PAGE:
“Why did the plane crash into the mountain?”
“Because the pilot was a loaf of bread.“
Do you get it?
It’s a joke that has haunted me ever since I first heard it as a teenager. It was relayed to me by my older brother, who had heard it from his friend’s dad. To this day, we still laughingly recount the scenario under which he first heard the joke: My brother stands politely with his friend and his friend’s father, nodding along as the “joke” is told, but when it reaches the punchline, my brother is silent, not knowing to react until his friend, noticing his confusion, helpfully instructs him — “You’re supposed to laugh now.”
It was our introduction to a genre of humour affectionately known as the dad joke.
The first recorded use of the term can be found in a 1987 Gettysburg Times column by Jim Kalbaugh. On Father’s Day of that year, Kalbaugh not only introduced “dad joke” to the public, but he also made an impassioned plea to keep the genre alive: “As we approach Father’s Day, I would like to propose that ‘Dad’ Jokes not be banned. They should be revered, preserved.”
More than 30 years later, as we approach Father’s Day 2019, it’s safe to say that Kalbaugh got exactly what he wished for — with a large assist from social media. To understand this, we’ll have to go back even further to a decade before Kalbaugh’s column when another important term was coined.
The word “meme” was first used by the biologist Richard Dawkins in his 1976 book The Selfish Gene as a means of describing a “unit of cultural transmission.” Dawkins was trying to suggest that ideas can replicate, evolve and enter popular culture in a way similar to the spread of genes.
Nowadays, a meme is commonly seen as a comedic comment on an image, usually referencing a relatable theme, moment from popular culture or a common life experience. Unlike more traditional forms of comedy that involve a lengthy buildup to a quick payoff, a meme matches the brevity of current social convention by slashing down comedy to the space of a single line, maybe two. It derives its comedy from the unspoken surprise that your own specific, quirky habits, thoughts and experiences are shared by millions around the world. The context of the comedic meme is not only already provided by its near universality, it’s quite often the punchline as well.
“This online genre of humour is instant gratification,” says Edmonton comedian Paul Seven. “You can sit by yourself and run through a whole list of memes without having them explained to you, or any cultural challenges. It’s instantly connected to an idea.“
Because they rely on nearly universal context, the comedic meme provides a punchy form of humour without much risk of offending its audience. “When you have an opinion, even if its authentic, or the truth, your truth, you’re still going to offend somebody,” explains Seven.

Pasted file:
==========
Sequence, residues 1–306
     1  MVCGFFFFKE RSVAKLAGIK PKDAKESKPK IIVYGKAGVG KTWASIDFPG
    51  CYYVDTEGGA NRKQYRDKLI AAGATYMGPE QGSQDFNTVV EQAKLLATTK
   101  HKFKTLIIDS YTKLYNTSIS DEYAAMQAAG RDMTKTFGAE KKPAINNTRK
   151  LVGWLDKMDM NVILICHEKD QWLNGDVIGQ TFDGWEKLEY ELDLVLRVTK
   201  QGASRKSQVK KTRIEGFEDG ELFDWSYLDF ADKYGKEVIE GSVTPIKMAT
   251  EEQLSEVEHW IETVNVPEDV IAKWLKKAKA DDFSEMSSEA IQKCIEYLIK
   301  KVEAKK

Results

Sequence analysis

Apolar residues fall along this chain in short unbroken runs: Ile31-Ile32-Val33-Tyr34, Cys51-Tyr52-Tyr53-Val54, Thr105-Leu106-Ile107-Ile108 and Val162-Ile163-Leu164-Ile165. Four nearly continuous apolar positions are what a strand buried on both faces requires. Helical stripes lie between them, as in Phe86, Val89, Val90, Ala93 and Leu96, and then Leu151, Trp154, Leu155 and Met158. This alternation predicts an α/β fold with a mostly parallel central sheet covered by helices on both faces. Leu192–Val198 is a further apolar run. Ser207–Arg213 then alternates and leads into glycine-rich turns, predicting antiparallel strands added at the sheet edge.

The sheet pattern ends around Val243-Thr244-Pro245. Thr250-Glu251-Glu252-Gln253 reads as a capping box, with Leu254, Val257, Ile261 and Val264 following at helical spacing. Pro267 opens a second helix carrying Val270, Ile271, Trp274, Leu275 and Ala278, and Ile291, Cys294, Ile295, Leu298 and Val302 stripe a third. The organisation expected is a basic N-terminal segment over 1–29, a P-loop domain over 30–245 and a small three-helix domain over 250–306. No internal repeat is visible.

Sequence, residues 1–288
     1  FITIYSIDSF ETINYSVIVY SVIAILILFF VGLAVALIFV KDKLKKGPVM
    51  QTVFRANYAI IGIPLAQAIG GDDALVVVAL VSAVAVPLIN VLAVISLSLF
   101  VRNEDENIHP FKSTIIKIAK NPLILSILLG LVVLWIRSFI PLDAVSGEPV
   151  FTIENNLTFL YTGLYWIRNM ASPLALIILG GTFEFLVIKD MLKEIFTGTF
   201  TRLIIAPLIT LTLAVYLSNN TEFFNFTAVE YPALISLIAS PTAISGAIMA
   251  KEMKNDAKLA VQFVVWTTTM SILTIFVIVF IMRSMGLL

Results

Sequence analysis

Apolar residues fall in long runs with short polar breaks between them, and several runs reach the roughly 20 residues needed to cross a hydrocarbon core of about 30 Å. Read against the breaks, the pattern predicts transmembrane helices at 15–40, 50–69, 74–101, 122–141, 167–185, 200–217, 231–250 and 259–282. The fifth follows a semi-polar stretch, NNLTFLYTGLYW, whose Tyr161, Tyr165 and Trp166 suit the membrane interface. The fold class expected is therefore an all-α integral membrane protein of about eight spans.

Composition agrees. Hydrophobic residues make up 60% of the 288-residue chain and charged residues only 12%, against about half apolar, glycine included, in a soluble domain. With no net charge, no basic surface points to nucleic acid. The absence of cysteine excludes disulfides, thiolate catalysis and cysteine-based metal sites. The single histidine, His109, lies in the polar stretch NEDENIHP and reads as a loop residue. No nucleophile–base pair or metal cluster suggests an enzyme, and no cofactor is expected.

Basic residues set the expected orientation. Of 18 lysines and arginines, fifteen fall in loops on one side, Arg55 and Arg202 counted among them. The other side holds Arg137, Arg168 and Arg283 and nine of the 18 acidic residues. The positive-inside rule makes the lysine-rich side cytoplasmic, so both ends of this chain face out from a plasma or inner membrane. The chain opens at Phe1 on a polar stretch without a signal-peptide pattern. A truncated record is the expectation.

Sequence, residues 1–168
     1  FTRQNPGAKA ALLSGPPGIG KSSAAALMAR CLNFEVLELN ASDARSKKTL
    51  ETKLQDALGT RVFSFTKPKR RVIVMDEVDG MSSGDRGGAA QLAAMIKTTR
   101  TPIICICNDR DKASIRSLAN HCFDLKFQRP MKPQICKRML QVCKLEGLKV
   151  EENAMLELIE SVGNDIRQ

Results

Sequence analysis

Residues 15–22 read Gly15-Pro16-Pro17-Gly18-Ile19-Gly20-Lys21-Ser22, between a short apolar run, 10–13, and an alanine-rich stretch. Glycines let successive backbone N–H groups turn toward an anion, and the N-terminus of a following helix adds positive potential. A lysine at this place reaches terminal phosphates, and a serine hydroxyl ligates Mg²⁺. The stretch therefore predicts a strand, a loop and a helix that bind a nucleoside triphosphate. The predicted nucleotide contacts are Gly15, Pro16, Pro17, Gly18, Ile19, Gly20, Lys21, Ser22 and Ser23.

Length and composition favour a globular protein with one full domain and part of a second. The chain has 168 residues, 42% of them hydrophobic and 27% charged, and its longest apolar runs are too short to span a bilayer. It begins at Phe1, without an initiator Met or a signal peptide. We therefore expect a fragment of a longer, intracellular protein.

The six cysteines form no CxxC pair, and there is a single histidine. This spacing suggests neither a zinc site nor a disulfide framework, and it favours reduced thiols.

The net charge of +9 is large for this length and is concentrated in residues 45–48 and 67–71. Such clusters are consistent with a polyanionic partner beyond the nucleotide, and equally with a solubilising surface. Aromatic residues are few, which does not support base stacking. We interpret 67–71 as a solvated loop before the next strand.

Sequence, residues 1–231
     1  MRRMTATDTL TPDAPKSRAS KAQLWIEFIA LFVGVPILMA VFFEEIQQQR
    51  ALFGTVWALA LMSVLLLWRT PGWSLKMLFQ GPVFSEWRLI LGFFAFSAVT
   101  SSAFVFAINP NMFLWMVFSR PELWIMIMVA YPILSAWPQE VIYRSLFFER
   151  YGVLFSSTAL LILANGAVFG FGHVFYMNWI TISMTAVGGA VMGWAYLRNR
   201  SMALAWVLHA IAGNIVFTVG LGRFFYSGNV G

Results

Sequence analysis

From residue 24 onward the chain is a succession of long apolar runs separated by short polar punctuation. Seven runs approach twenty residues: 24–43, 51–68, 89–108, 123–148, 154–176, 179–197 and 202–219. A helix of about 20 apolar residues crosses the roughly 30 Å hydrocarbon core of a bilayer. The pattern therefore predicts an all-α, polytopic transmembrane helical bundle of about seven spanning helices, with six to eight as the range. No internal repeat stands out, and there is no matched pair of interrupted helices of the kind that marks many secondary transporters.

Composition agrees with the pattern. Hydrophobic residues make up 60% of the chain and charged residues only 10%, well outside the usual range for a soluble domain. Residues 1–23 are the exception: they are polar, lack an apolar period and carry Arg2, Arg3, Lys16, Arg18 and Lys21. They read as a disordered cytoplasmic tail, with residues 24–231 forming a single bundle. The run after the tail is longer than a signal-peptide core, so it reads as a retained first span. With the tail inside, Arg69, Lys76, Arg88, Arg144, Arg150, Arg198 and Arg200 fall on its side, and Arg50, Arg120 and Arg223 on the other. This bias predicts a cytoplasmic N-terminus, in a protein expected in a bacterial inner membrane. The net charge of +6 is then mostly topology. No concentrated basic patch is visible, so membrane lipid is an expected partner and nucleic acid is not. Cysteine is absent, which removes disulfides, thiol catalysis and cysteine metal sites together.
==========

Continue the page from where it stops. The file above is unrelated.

At the confluence of neutral yet punchy is where the beauty of dad jokes stand. “What’s brown and sounds like a bell? Dung dung,” jokes Seven. It was one of his father’s most recounted jokes he explains, with a small chuckle. “It’s so stupid. There is no social commentary in there, there is no agenda, no political material, its neutral.”
Dad jokes often derive their comedy from puns, which Seven calls a lost art. “It’s a genre most kids grow up with and can relate to, no matter where they are from. It requires no cultural know-how, no knowledge of social trends or world updates.”
Unlike stage comedians who constantly need to update themselves to stay relevant, dad jokes never go out of style — mostly because they’re so resistant to even trying to stay in style. “Dad jokes take the audience away from everything awful to something so neutral and inoffensive, without even trying,” says Seven. You don’t have to think and no one gets hurt.”
Which makes them all the more desirable in today’s world. “I think we’re tired of turning on CNN and watching the absolute nightmare that is the reality around the world,” says Seven. “And then you go on Twitter and you read about dad puns.”
Perhaps it’s because of this that fathers have become the new social-media sensations. James Breakwell, who goes by the Twitter handle @ExplodingUnicorn, has 1.12-million followers. His tweets share his daily struggles raising four girls, summarized in four-lines of dialogue that are almost all prime examples of dad jokes. Elsewhere, t he reddit page r/dadjokes, a forum where users share “jokes that make you laugh and cringe in equal measure,” has 1.7-million subscribers.
The 2017 online video series “Dad Jokes” pits comedians and celebrities against each other in dad joke competitions, in which competitors lose if they laugh at their opponent’s jokes. It has more than a million followers on Facebook. Meanwhile, #dadjoke remains one of the most popular hashtags used on Twitter. Celebrities have also capitalized on the trend, which in turn is immediately transformed into more memes.
In an age of online nastiness and shorter attention-spans, dad jokes provide an innocent relief from the viciousness of a lot of other humour that prevails on social media — and it does so in all of two to five seconds.
“You look at old-school comedy, somebody is the victim of some joke somewhere,” says Seven. “In my mind, comedy should heal, make you feel good about yourself.” A quick laugh (often accompanied by a slight cringe), this is exactly what a good dad joke provides.
It can also lead to the occasional honour. Did you hear about the dad who invented knock-knock jokes? He won the no-bell prize. I still don’t know what a loaf of bread has to do with anything though.
Copyright Postmedia Network Inc., 2019